PROFESSIONAL OPPORTUNITIES CEO - WEED RESEARCH CENTRE Urrbrae, SA, AUSTRALIA * Serve as the chief executive officer of the Cooperative Research Centre for Australian Weed Management (Weeds CRC); provide full-scope leadership to ensure the Centre fulfills its role of bring- ing together national research and extension groups. * Requires: demonstrated and documented high level research background and research management skills; excellent interpersonal, communication, public speaking, and interview abilities; and, a thorough understanding of the rural industries and natural environmental issues in relation to plant ecology and weed management in Australia. * Contact: J. Kerin, Governing Board Chairman, Weeds CRC, PMB 1, Waite Campus, Glen Osmond, SA 5064, AUSTRALIA. Additional details and selection criteria are available from: J. Fair, . Fax: 61-8-8303-7311. Phone: 61-8-8303-6590.

RESEARCH BOTANIST, INVASIVE PLANTS Honolulu, HI, USA. * Lead the Plant Biocontrol Project; develop a state-of-the-art biocontrol-related research program for invading plants/weeds (grasses, vines, trees, shrubs, and herbaceous dicots) in Pacific Island ecosystems. * Requires: strong knowledge of the biology and ecology of invasive plants; ability to develop hypotheses and experimental designs for plant biocontrol; ability to develop tools and procedures for managing ongoing, and predicting, future invasions by non-native plant species and their impact on native species; ability to administer contracts with various entities. * Contact: C. Shahan, Personnel Office, USGS, 345 Middlefield Rd., MS-612, Menlo Park, CA 94025, USA. Phone: 1-650-329-4109. E-mail: . Web: jsearch.usajobs.opm.gov


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IPM RESEARCH/TECHNICAL PAPERS --- categories and topics related to IPM

III. RESEARCH/TECHNICAL PAPERS categories and topics related to IPM. IPMnet NEWS will gladly provide the postal address for any first author mentioned in the titles that follow. E-mail requests to: IPMnet@bcc.orst.edu. Featured Paper New Decision System Reduces Cost Brazilian and U.S. researchers seeking a strategy for combating postbloom fruit drop (PFD) in citrus caused by Colletotrichium acutatum modified an existing predictive model for fungicide appli- cation decision (FAD). The resulting PFD-FAD system, as reported by N.A.R. Peres, et al, in "A Fungicide Application Decision (FAD) Support System for Postbloom Fruit Drop of Citrus (PFD)," predicts the need for fungicide treatment based on: history of PFD in the grove; susceptibility of involved citrus species; bloom stage, as well as rainfall; leaf wetness duration following the rain; and, the grove's current inoculum levels. Field testing in 2001 showed that the PFD-FAD system, compared to other models and grower programs, reduced fungicide application frequency and generated a US per ha cost saving.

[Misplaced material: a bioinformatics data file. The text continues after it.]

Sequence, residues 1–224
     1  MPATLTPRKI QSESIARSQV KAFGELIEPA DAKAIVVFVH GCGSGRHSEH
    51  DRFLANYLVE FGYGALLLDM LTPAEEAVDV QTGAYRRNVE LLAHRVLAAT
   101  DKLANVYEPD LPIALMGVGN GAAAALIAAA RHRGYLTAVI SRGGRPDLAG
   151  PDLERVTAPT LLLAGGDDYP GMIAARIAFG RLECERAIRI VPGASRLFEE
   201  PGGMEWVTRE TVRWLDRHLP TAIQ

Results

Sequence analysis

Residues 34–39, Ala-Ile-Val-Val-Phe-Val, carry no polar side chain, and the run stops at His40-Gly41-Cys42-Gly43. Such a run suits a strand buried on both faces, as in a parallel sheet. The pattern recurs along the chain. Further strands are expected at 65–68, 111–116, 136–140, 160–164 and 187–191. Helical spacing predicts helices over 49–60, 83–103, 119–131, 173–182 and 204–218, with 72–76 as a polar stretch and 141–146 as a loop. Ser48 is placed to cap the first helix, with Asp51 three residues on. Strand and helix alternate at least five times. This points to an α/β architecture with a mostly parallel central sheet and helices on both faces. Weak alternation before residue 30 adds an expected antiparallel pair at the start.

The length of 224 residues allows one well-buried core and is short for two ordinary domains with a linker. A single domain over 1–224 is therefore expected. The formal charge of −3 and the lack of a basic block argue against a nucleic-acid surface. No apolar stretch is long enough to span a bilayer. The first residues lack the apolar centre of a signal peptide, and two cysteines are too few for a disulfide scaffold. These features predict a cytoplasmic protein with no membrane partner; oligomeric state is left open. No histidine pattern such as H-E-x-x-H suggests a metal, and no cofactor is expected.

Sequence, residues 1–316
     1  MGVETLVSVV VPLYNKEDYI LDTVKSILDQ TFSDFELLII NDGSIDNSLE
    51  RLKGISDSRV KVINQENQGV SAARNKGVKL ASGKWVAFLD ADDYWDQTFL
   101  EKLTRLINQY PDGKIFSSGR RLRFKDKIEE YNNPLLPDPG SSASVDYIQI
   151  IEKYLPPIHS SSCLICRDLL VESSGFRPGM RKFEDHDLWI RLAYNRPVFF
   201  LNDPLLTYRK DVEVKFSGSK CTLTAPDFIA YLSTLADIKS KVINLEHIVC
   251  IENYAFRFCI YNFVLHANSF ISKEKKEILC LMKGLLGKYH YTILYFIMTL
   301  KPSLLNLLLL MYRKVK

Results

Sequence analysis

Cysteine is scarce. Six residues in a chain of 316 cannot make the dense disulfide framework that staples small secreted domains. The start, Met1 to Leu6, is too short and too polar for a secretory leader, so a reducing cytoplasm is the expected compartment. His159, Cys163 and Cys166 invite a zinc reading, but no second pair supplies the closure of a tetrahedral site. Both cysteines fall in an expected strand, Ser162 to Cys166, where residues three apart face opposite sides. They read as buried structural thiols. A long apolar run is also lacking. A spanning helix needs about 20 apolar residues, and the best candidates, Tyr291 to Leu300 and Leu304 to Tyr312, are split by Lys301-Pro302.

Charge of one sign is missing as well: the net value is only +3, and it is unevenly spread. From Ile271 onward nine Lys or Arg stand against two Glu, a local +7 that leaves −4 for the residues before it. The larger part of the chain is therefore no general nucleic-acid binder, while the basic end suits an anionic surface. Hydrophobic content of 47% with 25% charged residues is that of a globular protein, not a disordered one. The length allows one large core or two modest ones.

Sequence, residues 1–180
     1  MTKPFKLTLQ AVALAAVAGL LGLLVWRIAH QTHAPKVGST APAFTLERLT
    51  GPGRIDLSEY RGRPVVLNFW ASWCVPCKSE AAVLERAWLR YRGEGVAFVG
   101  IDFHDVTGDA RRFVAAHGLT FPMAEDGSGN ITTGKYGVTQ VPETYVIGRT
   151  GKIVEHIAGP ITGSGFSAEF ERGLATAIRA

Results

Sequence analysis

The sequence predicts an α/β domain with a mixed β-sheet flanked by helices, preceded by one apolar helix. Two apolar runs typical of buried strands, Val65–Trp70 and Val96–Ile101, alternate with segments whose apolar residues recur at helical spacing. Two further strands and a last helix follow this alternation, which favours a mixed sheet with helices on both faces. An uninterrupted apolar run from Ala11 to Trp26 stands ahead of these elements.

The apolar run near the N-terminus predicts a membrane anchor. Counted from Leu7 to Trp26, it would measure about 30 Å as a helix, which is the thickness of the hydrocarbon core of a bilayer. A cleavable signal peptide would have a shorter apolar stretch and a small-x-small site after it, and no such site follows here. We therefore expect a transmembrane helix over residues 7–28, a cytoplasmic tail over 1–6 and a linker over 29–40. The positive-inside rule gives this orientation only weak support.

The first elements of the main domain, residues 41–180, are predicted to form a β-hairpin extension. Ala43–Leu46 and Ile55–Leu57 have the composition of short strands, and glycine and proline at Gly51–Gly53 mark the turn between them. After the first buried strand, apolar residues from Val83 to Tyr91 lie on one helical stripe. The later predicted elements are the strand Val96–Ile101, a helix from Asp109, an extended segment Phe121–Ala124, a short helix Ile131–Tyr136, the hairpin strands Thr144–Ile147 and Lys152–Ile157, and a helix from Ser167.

excerpted with thanks from PLANT HEALTH PROGRESS, 31 July 2002.



This Month's SELECTED TITLES (broadly grouped by pest or tactic categories). General "Development of an Integrated Pest Management Program for Cotton. Part 1: Establishing and Utilizing Natural Enemies," Mensah, R.K. * INTL. JRNL. OF PEST MGMT., 48(2), 87-94, April-June 2002. "Pollen-mediated Movement of Herbicide Resistance Between Commercial Canola Fields," Rieger, M.A., et al. * SCIENCE, 296, 2386-2388, June 2002.

Biocontrol "Are the Ecological Concepts of Assembly and Function of Biodiversity Useful Frameworks for Understanding Natural Pest Control?" Wilby, A., and M.B. Thomas. * AGRIC. AND FOR. ENTOM., 4(4), 237-243, November 2002. "Field-based Evaluation of Biopesticide Impacts on Native Biodiversity: Malagsy Coleoptera and Anti-locust Entomopathogenic Fungi," Ivie, M.A., et al. * JRNL. OF ECON. ENTOM., 95(4), 651-660, August 2002.

Phytopathology Aphid-transmitted Potato Viruses: The Importance of Understanding Vector Biology," Radcliffe, E.B., and D.W. Ragsdale. * AMER. JRNL. OF POTATO RESCH., 79(5), 353-386, 2002. Note: the authors were co-winners of the 2002 Meritorious Service Award presented by the (U.S.) National Potato Council for research achievement. "Possibilities of Avoidance and Control of Bacterial Plant Diseases when Using Pathogen-Tested (Certified) or -Treated Planting Material," Janse, J.D., and M. Wenneker. * PLANT PATH., 51(5), 523-536, October 2002.